Why is it so difficult to give up drugs, even when using them is destroying your relationships, career, health, and finances? Many people dealing with addiction blame themselves for lacking willpower, but the answer is much more complex than that. Drugs actually alter the way the brain works, making addiction very powerful.
The World Health Organization defines addiction as the repeated use of an intoxicating substance and the subsequent dependence on that substance. People with addictions are called addicts. Addicts will go to great lengths to find their substance of choice and are often unable to stop using on their own.
Withdrawal occurs when an addict stops using a substance after a long term of regular use. During addiction treatment, a former user experiences intense cravings for the substance. Withdrawal symptoms can be both physical and psychological. Physical withdrawal symptoms typically subside after the body adjusts to not having the drug or alcohol, while psychological withdrawal can linger longer.
If an addict returns to drug or alcohol abuse during or after an addiction treatment program, he is said to have relapsed. With the right treatment and support network, a former addict can avoid relapse and stay drug free.
Triggers refer to any kind of stimulation that sparks an addict’s desire to use drugs or alcohol. Triggers can cause relapses. Every addict has his own unique set of triggers, though some of the most common include stress, visiting places where drugs and alcohol are available, or being around friends who are addicts.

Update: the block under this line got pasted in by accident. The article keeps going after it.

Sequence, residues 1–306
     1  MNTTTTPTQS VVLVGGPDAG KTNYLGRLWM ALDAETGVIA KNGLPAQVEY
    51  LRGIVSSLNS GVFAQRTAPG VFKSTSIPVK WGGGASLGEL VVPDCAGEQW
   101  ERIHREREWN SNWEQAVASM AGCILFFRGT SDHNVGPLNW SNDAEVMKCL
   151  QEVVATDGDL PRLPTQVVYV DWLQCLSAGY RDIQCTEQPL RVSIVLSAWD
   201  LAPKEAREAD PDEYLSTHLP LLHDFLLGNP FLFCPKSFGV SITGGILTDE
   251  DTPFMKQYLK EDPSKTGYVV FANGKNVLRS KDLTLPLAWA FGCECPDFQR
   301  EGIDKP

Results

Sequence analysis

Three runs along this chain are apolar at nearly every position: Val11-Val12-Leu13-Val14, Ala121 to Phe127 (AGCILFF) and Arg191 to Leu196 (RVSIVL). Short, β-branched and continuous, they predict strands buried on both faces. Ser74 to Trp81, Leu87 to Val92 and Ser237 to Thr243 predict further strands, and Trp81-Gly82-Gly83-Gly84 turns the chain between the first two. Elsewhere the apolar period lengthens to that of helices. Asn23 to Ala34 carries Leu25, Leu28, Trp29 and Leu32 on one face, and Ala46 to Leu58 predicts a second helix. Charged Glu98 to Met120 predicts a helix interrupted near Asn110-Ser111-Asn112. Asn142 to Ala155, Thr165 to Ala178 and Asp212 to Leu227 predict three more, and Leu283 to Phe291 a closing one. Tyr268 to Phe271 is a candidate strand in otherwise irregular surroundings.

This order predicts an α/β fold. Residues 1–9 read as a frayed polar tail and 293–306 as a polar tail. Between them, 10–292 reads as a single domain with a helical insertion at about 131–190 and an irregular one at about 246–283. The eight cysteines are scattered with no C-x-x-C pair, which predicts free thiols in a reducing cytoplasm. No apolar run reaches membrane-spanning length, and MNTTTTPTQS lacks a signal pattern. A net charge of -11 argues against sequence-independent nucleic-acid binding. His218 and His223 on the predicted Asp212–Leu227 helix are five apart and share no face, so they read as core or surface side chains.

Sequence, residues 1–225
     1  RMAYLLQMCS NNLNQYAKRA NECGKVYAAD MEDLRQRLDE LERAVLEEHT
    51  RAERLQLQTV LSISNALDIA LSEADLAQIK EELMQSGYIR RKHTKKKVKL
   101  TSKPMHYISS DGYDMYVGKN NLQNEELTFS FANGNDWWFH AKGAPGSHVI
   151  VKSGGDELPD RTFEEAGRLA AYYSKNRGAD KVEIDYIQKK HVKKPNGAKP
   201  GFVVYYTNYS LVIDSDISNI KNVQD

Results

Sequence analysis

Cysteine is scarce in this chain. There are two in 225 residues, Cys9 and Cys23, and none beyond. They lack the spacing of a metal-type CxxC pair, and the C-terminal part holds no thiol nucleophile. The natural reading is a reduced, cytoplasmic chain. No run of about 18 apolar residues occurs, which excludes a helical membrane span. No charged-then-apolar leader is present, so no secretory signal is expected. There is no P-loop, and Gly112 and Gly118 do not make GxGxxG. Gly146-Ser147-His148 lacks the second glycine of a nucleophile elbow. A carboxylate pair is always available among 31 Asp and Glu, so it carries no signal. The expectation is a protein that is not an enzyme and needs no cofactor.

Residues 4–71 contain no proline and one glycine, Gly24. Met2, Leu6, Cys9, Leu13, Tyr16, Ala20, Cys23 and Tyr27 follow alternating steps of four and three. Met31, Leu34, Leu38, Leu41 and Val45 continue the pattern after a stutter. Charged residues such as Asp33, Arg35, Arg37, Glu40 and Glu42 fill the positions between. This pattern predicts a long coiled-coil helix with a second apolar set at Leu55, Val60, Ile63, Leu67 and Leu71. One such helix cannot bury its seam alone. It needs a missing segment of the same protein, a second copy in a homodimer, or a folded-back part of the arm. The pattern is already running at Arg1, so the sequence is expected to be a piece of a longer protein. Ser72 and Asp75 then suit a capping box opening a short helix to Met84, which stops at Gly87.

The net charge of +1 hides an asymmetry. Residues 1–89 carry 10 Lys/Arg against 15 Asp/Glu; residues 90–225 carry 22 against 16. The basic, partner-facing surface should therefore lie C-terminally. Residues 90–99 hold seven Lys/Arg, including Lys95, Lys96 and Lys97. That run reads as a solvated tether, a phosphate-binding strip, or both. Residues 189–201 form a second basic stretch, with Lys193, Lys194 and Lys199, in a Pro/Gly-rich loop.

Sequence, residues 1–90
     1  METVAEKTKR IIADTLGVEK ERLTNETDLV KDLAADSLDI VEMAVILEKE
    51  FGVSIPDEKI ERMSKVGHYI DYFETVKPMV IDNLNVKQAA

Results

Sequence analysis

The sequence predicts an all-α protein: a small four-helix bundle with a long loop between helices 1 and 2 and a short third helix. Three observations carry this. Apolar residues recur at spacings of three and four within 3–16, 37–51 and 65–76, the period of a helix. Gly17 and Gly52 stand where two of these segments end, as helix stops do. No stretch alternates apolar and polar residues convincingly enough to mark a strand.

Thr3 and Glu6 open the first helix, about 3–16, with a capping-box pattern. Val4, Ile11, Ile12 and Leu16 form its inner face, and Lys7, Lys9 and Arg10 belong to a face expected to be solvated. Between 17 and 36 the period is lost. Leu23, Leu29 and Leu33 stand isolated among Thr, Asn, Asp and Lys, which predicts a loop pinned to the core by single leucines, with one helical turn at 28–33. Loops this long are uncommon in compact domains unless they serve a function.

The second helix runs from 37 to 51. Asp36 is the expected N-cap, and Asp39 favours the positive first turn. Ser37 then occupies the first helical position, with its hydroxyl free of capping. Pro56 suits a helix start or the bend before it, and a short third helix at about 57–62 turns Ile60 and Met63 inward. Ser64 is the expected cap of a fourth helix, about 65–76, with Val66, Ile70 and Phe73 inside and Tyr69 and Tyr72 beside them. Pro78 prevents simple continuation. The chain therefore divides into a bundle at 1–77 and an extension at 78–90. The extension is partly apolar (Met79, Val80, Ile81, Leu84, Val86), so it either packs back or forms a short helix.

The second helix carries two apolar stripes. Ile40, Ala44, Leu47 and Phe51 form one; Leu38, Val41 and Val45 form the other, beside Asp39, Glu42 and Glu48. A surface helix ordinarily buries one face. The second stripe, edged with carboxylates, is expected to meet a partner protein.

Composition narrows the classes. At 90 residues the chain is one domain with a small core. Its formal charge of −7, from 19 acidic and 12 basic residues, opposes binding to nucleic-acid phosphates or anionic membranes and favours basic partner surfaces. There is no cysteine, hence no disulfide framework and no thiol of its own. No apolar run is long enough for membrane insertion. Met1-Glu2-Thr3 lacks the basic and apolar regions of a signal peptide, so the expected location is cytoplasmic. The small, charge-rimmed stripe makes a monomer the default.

Recovery is the stage that comes after drug addiction treatment. During recovery, treated addicts work to maintain a drug- and alcohol-free lifestyle. Recovery lasts for the rest of the former addict’s life.
What Are Neurotransmitters?
Neurotransmitters are chemicals in your brain that transmit messages from your neurons to other cells. Many neurotransmitters are involved in the regulation of mood and behavior. Dopamine is associated with pleasure, rewards, and energy; serotonin regulates mood and impulse behavior; and nor-epinephrine is involved with excitement and pleasure. There are many other such neurotransmitters that are directly responsible for how you feel and your behavior. Changes in your brain’s delicate balance of neurotransmitters can have far-reaching effects, from depression to impulsive behavior and addiction.
How Are Neurotransmitters and Drugs Linked?
The high associated with most drugs is derived from an alteration of neurotransmitters. Different drugs affect different neurotransmitters, often sparking a feeling of euphoria that the user craves again and again. The relationship becomes more complicated with repeated drug use. Take dopamine for example; using drugs can cause an increase in dopamine levels, which boosts the user’s mood. However, with repeated use, your brain will respond by making less dopamine when the drug isn’t being used, which means sober periods are marked by depression. Eventually, the brain stops making dopamine unless the drug enters the system. The user is now physically dependent on the drug.